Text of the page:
Businesses are made up of smaller systems, and once these systems are understood, success can follow.
“People will always come up with new ideas, innovations, tweaks, hacks, mindsets, and new ways of interpreting the world,” says Josh.
“But the world has been around a long time and the truth is that the systems we created to manage and control things haven’t changed that much.”
Sometimes, it’s the old, tried-and-tested concepts that work the best.
And all it takes is a simple shift in perspective.
2. Build a Business, Not a Job
The truth is, most young entrepreneurs build themselves a job, not a business.
They work and work and work, and at the end of it, the business is worth nothing without them. It cannot be sold or passed down.
Work the System helps shift this mindset.
The idea is to first change a business owner’s values and principles before changing strategies and procedures.
This paradigm shift can be incredibly valuable for individuals and businesses alike.
But it’s never easy.
The basic concept is this:
View your business as something outside of yourself.
You need an “outside and slightly elevated” perspective to view your business from an objective standpoint.
This helps you understand what your business is about and how to move it forward.
You’re not sitting inside this machine but raised slightly above it. No, you’re not better than everyone else in the company – you’re simply observing the business from a different angle.
This view enables you to look at the business as separate elements and keep it functioning well by creating systems that work.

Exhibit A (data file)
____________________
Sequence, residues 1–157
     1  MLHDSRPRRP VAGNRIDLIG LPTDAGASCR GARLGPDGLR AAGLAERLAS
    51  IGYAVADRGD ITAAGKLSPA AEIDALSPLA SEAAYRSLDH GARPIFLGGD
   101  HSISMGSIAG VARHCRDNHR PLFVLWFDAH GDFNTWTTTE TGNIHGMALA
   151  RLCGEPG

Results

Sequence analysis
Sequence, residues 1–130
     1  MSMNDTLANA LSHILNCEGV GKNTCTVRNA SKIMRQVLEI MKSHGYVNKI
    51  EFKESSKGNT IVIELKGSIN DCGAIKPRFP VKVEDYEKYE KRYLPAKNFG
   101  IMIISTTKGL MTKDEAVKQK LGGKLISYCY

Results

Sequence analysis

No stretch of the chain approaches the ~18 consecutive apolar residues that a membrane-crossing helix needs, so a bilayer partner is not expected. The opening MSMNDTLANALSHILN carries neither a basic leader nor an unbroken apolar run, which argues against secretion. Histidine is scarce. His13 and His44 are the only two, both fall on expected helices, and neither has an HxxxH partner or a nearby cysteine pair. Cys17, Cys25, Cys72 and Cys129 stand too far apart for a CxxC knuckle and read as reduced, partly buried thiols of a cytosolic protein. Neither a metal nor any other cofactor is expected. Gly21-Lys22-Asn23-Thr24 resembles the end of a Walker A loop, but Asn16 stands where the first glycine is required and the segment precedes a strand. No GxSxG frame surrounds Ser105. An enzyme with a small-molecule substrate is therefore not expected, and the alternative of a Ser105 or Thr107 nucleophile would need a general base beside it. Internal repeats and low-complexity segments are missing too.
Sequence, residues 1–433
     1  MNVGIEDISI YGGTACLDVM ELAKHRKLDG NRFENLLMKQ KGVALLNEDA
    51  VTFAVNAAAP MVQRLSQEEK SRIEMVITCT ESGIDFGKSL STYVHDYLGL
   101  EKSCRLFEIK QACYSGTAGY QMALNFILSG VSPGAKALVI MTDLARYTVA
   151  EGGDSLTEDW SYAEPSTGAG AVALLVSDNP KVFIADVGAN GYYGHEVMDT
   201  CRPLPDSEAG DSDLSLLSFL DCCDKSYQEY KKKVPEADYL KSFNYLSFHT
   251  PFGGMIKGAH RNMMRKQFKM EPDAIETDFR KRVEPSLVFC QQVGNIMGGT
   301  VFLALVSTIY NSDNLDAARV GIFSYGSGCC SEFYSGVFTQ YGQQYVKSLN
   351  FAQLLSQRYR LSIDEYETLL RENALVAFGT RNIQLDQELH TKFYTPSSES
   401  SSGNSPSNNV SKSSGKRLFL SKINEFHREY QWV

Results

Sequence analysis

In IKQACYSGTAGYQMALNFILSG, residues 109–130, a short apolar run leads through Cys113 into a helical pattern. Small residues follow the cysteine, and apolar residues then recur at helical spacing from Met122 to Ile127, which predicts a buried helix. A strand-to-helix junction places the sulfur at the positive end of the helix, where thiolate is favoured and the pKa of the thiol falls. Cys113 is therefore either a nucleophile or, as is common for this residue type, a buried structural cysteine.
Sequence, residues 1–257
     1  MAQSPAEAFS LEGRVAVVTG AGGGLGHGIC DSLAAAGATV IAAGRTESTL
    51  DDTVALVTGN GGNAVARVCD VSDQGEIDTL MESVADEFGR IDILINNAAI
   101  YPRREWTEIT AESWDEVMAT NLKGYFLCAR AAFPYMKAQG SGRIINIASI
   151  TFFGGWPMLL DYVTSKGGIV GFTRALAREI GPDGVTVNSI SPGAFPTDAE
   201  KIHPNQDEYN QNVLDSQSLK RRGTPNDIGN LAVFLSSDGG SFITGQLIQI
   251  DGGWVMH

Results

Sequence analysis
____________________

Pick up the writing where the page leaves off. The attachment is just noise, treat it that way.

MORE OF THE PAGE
Once these systems are documented, they can be tweaked based on what’s working for your business and what isn’t.
Remember: You’re valuable, but you’re not the MVP.
Whether they say it out loud or not, many business owners believe they are the most important employee in the company.
Remove yourself from this perspective.
It takes the emotions out of running a business and helps you look logically at how things operate.
3. Not Every Employee Needs to Be a Rockstar
Not all businesses are going to make the Fortune 500 list.
Not all businesses are going to be successful.
But developing and documenting an excellent hiring process can contribute to the success of your business and can be used again and again.
Keep these points about great businesses in mind:
- A great business is built through the accumulation of great systems.
- Growing a business does not require the most amazing, talented people.
- A successful business requires resilient infrastructure and processes.
So, start by investing in your infrastructure.
The good people will come.
4. Make Your Strategic Objective Part of the Company’s Culture
Everybody in the business, including high- and low-level employees, should know exactly what your business objective is.
What’s the goal for the year?
Who are you serving?
What are all the products?
It sounds simple, but if everybody in your company can’t clearly articulate your objectives, how can they communicate them to the world?
5. Create a Culture of Decision-Making
A rigid approach to running a business is never a good idea.
Create flexible decision-making guidelines to allow people the freedom to improve the company.
These should be a part of your operating principles. Make your own decisions, but make sure they’re backed up by at least one of three factors: logic, fact or data.
We’ve touched on many aspects of the Work the System methodology.
Ultimately, what Work the System does is very simple:
- Shifts the founder’s mindset
- Clarifies their strategy
- Aligns their people
- Manages their systems
It’s about focusing on what makes a business work, developing and documenting procedures, and instilling those principles to everyone in the company.
In this way, business owners will never be lacking in resources, money, energy, or time.
They get their life back while the business grows, along with its profits.
Infuse these ideals and systems into the whole organization, and it can work for decades.
Want to learn more about making the system work for you? Visit the Work the System website.